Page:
Thursday, January 25, 2018

"Even the Word [Mexican] Works Quite Well as an Insult"

        Daniel Cano                    


    It is humiliating to listen each day to arguments about Latino immigration, legal or not, in the media. A few years ago, a so-called scholar published a book (heavy on anecdotes, light on research) on how Mexican immigrants haven't assimilated into U.S. society like other ethnic groups. Conservative media hail the work as a landmark study. The liberal media stay silent. Critical voices are resigned to NPR or small university presses, where most Americans will never hear them.

    The president tells the American public he can't trust a judge to render a fair verdict because the judge is Mexican-American. The president lashes out, calling Mexican migrants “murders” and “rapists,” though, he assumes, “some are good people.” Edward Said explored this demonization of a people in his essay, "The Palestinian Experience" when he wrote, "Even the word Arab works quite well as an insult," so too is the word Mexican slowly becoming an insult, dehumanizing an entire group of people.

    Unfortunately, our education system does not provide the context to tell the real story of the relationship between Mexico, Latin America, and the U.S., how, historically, U.S. corporations, like the United Fruit Company, multi-national petroleum corporations, U.S. banks, and covert U.S. political and military policies ravaged Mexico and Latin America, sending millions of migrants north to fill the vacant slots in the fields, on construction sites, factories, hotels, and restaurants, while employers, hypocritically, stay mum, as long as their employees show documentation, fake or otherwise. Administrators of the Tucson Unified School District feel teaching students the real stories of their past might create a generation of radicals. So, too often, working-class Americans fail to learn how they share more commonalities than differences.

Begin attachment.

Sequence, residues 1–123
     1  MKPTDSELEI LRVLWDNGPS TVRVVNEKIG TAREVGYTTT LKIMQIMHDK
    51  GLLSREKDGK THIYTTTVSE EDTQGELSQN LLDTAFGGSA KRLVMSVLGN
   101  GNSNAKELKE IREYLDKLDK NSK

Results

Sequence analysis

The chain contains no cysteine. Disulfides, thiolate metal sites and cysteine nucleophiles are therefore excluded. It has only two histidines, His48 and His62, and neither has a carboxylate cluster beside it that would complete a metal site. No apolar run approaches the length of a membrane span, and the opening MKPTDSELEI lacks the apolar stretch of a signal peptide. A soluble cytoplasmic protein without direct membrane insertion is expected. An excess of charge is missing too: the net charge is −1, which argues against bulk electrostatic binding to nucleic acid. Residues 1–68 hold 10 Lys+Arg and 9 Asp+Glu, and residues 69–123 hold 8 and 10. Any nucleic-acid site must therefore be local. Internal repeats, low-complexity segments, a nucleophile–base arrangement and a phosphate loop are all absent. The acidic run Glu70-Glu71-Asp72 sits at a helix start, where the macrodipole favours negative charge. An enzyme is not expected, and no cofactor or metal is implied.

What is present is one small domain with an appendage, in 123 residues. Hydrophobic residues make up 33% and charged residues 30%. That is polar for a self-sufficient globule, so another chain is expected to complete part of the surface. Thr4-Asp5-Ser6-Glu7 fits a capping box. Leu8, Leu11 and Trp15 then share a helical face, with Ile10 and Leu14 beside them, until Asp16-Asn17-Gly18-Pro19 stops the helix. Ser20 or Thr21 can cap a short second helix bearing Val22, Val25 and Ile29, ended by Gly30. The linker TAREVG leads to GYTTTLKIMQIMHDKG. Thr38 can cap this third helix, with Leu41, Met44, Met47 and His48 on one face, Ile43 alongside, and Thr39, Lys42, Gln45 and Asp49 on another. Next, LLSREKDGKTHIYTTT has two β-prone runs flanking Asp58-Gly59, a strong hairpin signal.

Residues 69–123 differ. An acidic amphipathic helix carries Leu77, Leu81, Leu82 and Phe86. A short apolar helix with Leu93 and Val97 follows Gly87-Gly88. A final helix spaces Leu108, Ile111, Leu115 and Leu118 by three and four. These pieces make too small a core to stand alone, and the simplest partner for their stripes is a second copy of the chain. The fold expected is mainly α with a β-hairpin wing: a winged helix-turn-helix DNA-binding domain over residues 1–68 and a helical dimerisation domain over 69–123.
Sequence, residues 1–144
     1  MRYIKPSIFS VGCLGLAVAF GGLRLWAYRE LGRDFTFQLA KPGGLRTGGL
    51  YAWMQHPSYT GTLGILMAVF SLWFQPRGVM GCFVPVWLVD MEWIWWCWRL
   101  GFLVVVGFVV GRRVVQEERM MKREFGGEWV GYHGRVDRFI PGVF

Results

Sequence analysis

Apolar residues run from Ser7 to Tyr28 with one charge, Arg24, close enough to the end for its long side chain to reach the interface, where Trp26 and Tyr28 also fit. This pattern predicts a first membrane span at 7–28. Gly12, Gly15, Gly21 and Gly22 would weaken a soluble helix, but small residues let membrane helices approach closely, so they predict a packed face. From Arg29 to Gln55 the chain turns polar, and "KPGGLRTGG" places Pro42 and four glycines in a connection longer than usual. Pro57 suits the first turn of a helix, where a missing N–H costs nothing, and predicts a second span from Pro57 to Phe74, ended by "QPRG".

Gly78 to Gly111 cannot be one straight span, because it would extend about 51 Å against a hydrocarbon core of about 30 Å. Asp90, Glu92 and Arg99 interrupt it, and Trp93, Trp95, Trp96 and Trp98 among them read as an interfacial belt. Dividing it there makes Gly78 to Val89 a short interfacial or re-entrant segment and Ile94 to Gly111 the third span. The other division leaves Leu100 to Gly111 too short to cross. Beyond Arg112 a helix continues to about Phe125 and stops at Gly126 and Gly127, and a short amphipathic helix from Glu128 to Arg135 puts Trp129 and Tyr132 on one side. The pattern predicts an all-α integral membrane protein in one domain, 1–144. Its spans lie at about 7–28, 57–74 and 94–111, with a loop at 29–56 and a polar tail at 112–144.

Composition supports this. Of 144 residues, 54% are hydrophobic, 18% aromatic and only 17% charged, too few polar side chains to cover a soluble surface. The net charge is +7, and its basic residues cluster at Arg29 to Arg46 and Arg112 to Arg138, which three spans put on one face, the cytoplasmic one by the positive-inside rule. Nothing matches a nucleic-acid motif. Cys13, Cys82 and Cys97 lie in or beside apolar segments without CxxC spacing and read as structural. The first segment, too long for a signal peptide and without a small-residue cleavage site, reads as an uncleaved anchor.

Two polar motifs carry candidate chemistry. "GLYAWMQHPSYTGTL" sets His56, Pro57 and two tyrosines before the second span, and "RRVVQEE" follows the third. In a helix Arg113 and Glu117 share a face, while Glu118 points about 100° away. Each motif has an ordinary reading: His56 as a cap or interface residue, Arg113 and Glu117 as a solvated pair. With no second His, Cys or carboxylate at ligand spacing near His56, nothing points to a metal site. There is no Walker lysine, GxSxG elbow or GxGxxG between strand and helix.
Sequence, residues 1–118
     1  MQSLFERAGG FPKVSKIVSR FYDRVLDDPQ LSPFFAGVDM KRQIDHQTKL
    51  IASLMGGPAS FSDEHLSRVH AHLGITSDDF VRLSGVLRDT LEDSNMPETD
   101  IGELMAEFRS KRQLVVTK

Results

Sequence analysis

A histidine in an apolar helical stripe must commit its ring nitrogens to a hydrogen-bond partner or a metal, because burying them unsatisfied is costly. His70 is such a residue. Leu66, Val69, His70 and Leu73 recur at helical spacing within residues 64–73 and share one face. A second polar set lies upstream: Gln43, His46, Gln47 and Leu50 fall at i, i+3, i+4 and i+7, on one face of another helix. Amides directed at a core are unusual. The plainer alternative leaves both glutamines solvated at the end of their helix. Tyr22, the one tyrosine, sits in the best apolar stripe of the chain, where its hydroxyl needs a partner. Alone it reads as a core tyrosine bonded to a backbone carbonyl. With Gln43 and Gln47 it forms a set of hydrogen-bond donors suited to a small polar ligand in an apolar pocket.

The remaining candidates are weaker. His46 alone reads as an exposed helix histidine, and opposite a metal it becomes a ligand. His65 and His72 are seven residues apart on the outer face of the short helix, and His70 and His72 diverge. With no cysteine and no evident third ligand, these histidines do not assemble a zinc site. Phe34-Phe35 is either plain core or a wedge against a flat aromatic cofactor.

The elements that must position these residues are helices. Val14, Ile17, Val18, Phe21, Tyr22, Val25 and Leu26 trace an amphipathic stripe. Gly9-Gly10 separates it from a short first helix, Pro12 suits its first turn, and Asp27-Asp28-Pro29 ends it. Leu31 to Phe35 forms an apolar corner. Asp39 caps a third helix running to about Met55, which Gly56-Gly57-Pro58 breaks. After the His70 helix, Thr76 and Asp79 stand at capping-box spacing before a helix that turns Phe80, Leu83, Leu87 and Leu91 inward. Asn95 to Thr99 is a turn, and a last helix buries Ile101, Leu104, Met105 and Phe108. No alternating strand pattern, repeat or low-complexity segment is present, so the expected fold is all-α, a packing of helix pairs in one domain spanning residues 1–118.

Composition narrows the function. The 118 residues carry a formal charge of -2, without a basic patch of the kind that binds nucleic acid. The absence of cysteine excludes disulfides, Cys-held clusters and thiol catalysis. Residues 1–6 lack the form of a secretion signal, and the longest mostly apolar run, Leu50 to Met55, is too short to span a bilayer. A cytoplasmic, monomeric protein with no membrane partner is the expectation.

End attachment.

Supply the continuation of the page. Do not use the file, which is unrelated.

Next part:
As a descendent of Mexicans, I sometimes think about my grandparents who came here in the early 1900s, often toiling under brutal working conditions, contributing to the development of the U.S. and the WWI war effort. I think of my parents’ generation, many who shed blood in Europe and the Pacific, for the right to call themselves Americans and honor their Mexican ancestors. We know that for each immigrant group, this transition takes one or two generations.


    It still surprises me to find how many Americans, including Latino children, haven’t learned, or retained the fact, that not all Mexicans were immigrants. In fact, at one-time, Anglo Americans were non-existent in Los Angeles and the Southwest. In 2001, I interviewed a number of Mexican men and women of my father’s generation. I wanted to hear the stories they remembered about their lives in the U.S. Forrest Marquez Freed (RIP) and his ancestors are perfect examples of the phrase “The border crossed us.”


    It was a cool, winter morning when Forrest blew in to the coffee shop as if pushed by a strong wind. A U.S. Army veteran,  UCLA graduate, and retired high school Spanish teacher, he was also a political activist (past LULAC president), and heir of the Westside Marquez and Reyes family traditions. He wore his trademark pale blue guayabera. His white, wavy hair glistened in the morning light and his eyes sparkled, a travieso, even in his old age.